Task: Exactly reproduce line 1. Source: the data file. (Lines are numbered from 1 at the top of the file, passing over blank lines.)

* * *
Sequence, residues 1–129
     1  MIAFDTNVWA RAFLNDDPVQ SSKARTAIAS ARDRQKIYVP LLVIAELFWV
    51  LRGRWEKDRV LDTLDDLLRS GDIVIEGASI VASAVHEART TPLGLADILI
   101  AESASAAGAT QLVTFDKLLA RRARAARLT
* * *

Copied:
Sequence, residues 1–129